There is something quite intoxicating about the Latin genre of musicfrom samba, to bossa to choro and beyond, the rhythms are infections and memorable. Veronnea, named after its dulcimer toned vocalist Lynn Veronneau
, is an acoustic based ensemble featuring the core members Ken Avis
on guitar, backing vocals and harmonica and David Rosenblatt
also on guitar. The trio creates the foundation upon which many talented friends and special guests build up. Joined on this album by Bruno Lucini
on drums and percussion, Dave Kline
on violin with special guests, Etu Dieng electric bass on "Song of Love," and "Love & Surrender," Tommy King
on accordion on "La Javanaise," and "Perfidia," Amadou Kouyate on Senegalise 21 string traditional harp on "Love & Surrender," with John Previti
on upright bass on "The Road," "Love and Surrender," "La Javanaise," and "September Moon," JP Silva joins in on 7 string acoustic guitar and vocals on "Voce Abuso/Fais Comme L'Oiseau."
The breezy easy-going style of "Love & Surrender," the title track, could easily be heard on jazz, world and pop radio stations. Its rhythms are clearly based in the Latin idiom yet is has an effervescence of adult easy listening. One could argue so does bossa nova, as surely countless dinner parties have been thrown where bossa nova has been mingled in with adult contemporary tunes. It's clear the Latin-based genres have a universal appeal. This is an original for the group, the tune sparkles with a catchy melody that lingers well beyond the end of the tune, this signals strong songwriting, laden with solid melodic hooks.
Supporting the Latin sound is the timeless tune "Perfidia," performed by the likes of Linda Ronstadt from the movie Mambo Kings
(1992), or sung by the Modernaires, on The ModernairesA Salute To Glenn Miller
(Decca, 1954), the tune was originally written by Mexican composer Adalberto Dominguez
, and Veronneau does a magnificent job of giving it an airy and meaningful reading. Vocalist Veronneau has a gorgeous instrument in her voice, and it is very suited for this style of music, her articulation of the Spanish language is pristine and warming.
But wait, this is not only a Latin album, its elements reach far beyond the Latin genre with the delightfully wistful French tune "La Javanaise," also sung to perfection. Veronneau is a French-Canadian artist, and the inclusion of this tune is a testament to her versatile style and abilities. The tune has a charming acoustic sound masterfully provided by Avis and Rosenblatt and joined by violinist Kline and accordionist Tom King. Another beautifully conceived mash-up of France and Brazil is superbly portrayed on "Voce Abusou Fais Comme L Oiseau," sung in Portuguese by Silva who also lends his 7-string talents to the tune as vocalist Veronnea sings in French. The two vocalists shine together with brilliance, their voices blending flawlessly as they weave between the two dialects, at times singing in both languages together. Love and Surrender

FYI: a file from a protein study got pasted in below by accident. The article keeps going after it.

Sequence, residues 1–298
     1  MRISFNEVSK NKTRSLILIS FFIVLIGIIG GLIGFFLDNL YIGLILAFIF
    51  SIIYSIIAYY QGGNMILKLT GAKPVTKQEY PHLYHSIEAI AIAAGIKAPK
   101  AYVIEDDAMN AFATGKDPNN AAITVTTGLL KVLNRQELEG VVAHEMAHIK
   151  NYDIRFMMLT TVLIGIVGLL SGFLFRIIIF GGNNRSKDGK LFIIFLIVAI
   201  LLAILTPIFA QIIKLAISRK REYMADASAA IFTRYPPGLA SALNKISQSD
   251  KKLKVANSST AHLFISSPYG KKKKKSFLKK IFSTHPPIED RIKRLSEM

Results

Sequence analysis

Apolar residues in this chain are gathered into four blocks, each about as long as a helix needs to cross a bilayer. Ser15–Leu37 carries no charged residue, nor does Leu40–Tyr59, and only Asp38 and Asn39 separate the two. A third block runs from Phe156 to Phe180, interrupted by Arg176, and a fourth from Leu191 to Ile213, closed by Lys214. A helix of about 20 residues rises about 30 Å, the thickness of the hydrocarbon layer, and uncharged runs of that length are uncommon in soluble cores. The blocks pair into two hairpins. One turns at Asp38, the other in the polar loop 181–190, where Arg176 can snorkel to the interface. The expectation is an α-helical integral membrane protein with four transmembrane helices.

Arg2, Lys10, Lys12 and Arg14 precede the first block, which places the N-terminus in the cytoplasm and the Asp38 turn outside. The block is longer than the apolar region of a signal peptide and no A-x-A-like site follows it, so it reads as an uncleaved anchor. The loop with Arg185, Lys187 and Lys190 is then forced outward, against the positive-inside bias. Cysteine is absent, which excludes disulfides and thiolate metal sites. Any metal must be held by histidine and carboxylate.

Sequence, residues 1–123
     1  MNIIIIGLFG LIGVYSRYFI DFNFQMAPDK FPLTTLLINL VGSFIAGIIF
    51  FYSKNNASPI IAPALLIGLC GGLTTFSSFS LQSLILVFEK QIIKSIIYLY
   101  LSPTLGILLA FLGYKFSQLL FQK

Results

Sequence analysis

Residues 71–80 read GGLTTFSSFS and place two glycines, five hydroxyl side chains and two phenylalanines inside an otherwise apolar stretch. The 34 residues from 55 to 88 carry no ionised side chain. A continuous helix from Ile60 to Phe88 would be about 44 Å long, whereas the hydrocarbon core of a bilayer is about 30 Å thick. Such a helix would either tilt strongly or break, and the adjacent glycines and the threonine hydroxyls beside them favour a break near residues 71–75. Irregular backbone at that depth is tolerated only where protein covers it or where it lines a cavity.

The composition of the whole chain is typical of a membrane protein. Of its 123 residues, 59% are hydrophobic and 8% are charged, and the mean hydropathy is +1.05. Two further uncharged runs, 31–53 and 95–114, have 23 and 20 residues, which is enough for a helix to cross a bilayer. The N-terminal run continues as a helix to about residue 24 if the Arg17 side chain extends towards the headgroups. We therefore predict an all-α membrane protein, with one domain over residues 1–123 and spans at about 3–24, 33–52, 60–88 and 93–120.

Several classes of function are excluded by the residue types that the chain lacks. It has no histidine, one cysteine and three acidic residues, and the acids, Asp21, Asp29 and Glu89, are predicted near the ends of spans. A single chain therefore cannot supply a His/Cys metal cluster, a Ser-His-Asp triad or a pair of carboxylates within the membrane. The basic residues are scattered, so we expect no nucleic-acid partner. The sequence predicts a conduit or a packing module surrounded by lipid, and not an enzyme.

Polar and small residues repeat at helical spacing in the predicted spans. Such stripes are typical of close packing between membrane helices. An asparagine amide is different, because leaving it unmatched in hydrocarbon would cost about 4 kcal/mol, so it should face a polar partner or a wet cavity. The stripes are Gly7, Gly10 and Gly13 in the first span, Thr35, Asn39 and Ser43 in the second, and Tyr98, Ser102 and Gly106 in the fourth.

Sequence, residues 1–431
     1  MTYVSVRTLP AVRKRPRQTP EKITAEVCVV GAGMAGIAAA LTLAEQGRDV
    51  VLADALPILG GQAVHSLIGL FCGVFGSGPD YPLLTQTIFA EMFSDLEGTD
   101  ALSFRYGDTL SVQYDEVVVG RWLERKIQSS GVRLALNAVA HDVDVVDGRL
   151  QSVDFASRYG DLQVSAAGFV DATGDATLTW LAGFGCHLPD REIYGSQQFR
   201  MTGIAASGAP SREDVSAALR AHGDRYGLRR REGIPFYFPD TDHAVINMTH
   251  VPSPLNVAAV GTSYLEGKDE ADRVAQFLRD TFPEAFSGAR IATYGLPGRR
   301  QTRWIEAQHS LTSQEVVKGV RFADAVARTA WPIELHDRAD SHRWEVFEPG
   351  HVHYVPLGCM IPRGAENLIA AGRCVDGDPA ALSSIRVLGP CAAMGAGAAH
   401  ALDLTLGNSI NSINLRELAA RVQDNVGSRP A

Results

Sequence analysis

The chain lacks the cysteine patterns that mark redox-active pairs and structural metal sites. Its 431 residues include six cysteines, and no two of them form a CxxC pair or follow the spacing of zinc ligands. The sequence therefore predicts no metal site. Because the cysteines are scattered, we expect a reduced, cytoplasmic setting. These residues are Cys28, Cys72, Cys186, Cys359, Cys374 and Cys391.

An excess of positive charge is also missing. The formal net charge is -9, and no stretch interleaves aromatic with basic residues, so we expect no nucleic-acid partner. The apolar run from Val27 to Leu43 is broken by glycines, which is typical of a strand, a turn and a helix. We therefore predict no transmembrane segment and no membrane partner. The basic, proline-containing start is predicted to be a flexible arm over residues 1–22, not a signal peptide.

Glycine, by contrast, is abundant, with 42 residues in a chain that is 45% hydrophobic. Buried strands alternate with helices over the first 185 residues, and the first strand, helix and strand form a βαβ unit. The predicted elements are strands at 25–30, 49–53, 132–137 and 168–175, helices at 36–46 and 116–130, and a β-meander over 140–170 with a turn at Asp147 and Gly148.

is kaleidoscope of internationally flavored tunes. A cornucopia of varied instruments and textures, taking the listener on a multi-lingual journey. The group is well-oiled and well-versed in the varied styles, adding a mix of well-penned originals to well-researched covers, their latest album is a leap forward in an ever-growing discography for Veronneau.
Song of Love; Love and Surrender; The Road; La Javanaise; September Moon; Perfidia; Spring Can Really Hang You Up the Most; Moons a Harsh Mistress; Voce Abusou/Fais Comme L’Oiseau ; Waltz for Youssef.
Lynn Véronneau: vocals, whistling; Ken Avis: guitar, vocals, harmonica; David Rosenblatt: guitar; Bruno Lucini : drums, percussion ; Dave Kline: violin; Etu Dieng: electric bass; Tom King: accordion; Amadou Kouyate: Kora (Senegalise 21 string traditional harp); John Previti: upright bass; JP Silva: 7 string acoustic guitar and vocals.